Results

Baseline data and test results for all and gender specified

In this study of obesity and psychological states and traits in TIDM (n = 284, age 18–59 years, men 56%), persons with abdominal obesity (n (%) = 49 (17)) were compared with persons without abdominal obesity (n (%) = 235 (83)). Baseline data are presented in Table 1. The women had 3.6 times higher prevalence of abdominal obesity than the men (29% compared to 8%, P < 0.001). None of the participants had been diagnosed with an eating disorder, according to their medical records.
Table 1

Baseline characteristics for the 284 patients with T1DM presented for all and gender specified

 

All

Men

Women

P a

N

284

159

125

 

Age (years)

42 (32, 51; 18–59)

43 (32, 52)

41 (30, 50)

0.12b

Diabetes duration (years)

20 (11, 30; 1–55)

21 (11–32)

19 (11, 29)

0.26b

Abdominal obesityc

49 (17)

13 (8)

36 (29)

<0.001

General obesityd

34 (12)

11 (7)

23 (18)

0.005

High HbA1ce

78 (28)

39 (24)

39 (31)

0.23

Smoking f

28 (10)

18 (12)

10 (8)

0.42

Physical inactivityg

31 (11)

18 (12)

13 (11)

0.85

Cardiovascular complications

10 (4)

6 (4)

4 (3)

>0.99

Clinical psychiatric diagnoses

38 (13)

16 (10)

22 (17)

0.079

Antidepressants

23 (8)

11 (7)

12 (10)

0.51

MDIIh and OAAi

17 (6)

6 (4)

11 (9)

0.15

CSIIj

26 (9)

13 (8)

13 (10)

MDIIh

241 (85)

140 (88)

101 (81)

Data are n (%) or median (q1, q3; min-max)

aFisher’s exact test unless otherwise specified

bMann-Whitney U test

cAbdominal obesity: WC men/women (meters): ≥ 1.02/≥ 0.88

dGeneral obesity: BMI ≥ 30 kg/m2

eHigh HbA1c: >8.6% (>70 mmol/mol)

Missing values men/women: f n = 6/6; g n = 6/6

hMultiple daily insulin injections

iOral antidiabetic agents. j Continuous subcutaneous insulin infusion

The test results for the self-report instruments are presented in Table 2. Women had higher prevalence of self-reported anxiety (P < 0.001), high self- blame (P < 0.001), high self-hate (P = 0.001), low self-affirmation (P = 0.001), low self-love (P = 0.020), and high DIF (P = 0.036). Men had higher prevalence of high EOT (P < 0.035).
Table 2

Test results for HADS, TAS-20 and SASB, for the 284 patients with T1DM presented for all and gender specified

 

Scores a

Prevalenceb

 

All

All

Men

Women

P c

N

284

284

159

125

 

HADS

     

 HADS-D scores/Depression (≥ 8p)

3 (1, 8; 0–20)

29 (10)

15 (9)

14 (11)

0.70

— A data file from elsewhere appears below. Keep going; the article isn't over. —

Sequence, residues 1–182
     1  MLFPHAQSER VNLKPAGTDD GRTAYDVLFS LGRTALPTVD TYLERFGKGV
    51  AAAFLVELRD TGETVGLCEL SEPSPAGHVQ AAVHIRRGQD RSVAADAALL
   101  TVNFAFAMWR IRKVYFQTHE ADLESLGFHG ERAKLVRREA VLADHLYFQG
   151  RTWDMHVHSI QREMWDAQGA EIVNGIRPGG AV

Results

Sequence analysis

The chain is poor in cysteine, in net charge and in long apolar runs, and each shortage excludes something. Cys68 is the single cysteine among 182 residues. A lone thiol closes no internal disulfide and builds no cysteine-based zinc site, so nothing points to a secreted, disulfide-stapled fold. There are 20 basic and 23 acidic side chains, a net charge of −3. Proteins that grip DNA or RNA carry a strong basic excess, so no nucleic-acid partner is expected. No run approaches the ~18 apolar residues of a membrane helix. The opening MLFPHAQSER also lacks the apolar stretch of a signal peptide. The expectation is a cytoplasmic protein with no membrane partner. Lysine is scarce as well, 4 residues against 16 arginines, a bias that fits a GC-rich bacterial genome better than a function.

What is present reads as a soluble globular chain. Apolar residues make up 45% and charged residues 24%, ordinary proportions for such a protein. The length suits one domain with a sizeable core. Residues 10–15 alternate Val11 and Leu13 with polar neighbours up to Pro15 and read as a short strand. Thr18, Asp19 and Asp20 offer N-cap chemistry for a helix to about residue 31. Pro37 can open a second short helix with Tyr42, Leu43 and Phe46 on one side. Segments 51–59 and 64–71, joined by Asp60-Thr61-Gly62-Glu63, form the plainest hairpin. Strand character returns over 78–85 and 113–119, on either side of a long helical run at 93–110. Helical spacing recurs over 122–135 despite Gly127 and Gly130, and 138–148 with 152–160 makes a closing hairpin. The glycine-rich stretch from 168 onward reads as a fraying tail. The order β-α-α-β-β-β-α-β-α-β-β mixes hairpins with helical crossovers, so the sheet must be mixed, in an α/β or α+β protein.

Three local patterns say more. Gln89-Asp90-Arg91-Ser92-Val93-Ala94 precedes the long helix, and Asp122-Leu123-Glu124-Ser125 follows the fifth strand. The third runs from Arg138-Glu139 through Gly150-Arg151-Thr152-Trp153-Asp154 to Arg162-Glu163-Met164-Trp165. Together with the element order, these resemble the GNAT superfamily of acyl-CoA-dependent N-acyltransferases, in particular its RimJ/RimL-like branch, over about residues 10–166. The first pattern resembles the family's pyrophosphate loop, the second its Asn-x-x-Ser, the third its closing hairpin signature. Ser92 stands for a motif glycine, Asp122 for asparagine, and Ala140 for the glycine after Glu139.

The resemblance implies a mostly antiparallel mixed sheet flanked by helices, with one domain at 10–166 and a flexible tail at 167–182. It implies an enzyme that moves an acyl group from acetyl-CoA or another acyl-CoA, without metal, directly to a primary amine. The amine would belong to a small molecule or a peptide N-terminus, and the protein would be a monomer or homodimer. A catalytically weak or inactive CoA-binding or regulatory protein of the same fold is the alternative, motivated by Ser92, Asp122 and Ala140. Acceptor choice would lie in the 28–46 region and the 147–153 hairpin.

HADS-A scores/Anxiety (≥ 8p)

5 (1, 11; 0–18)

86 (34)

39 (24)

57 (46)

<0.001

 TAS-20

     

 TAS-20 scores/Alexithymia (≥ 61p)

46 (32, 64; 20–81)

42 (15)

19 (12)

23 (18)

0.13

 DIF scores/high DIF (≥ 23 p)

13 (8, 23; 7–31)

32 (11)

12 (8)

20 (16)

0.036

 DDF scores /high DDF (≥ 18 p)

12 (6, 18; 5–32)

30 (11)

17 (11)

13 (10)

>0.99

 EOT scores /high EOT (≥ 27 p)

21 (13, 27; 8–33)

31 (11)

23 (14)

8 (6)

0.035

SASBd

     

 Self-emancipation scores /high self-emancipation (≥ 66 p)d

50 (34, 66; 8–94)

27 (10)

18 (12)

9 (7)

0.31

 Self-affirmation scores /low self-affirmation (≤ 38 p)d

70 (38, 88; 8–100)

32 (12)

9 (6)

23 (19)

0.001

 Self-love scores /low self-love (≤ 40 p)d

64 (40, 86; 14–100)

31 (11)

11 (7)

20 (16)

0.020

 Self-protection scores /low self-protection (≤ 30 p)d

52 (30, 75; 5–95)

28 (10)

19 (12)

9 (7)

0.23

 Self-control scores /low self-control (≤ 28 p)d

52 (28, 74; 0–98)

33 (12)

18 (12)

15 (12)

0.85

 Self-blame scores /high self-blame (≥ 52 p)d

18 (0, 52; 0–95)

37 (13)

9 (6)

28 (23)

<0.001

 Self-hate scores /high self-hate (≥ 50 p)d

16 (0, 50; 0–92)

30 (11)

8 (5)

22 (18)

0.001

 Self-neglect scores /high self-neglect (≥ 48 p)d

22 (5, 48; 0–80)

31 (11)

18 (11)

13 (10)

0.85

aData are median (10th, 90th percentile; min-max)

b N (%)

cFisher’s exact test. dMissing values men/women: n = 3/4

Cardiovascular complications and obesity

Cardiovascular complications were associated with abdominal obesity (adjusted odds ratio (AOR) (CI) 5.2 (1.5–18.8), P = 0.011), whereas general obesity was not (AOR (CI) 0.9 (0.2–5.7), P = 0.95).

Comparisons between persons with and without abdominal obesity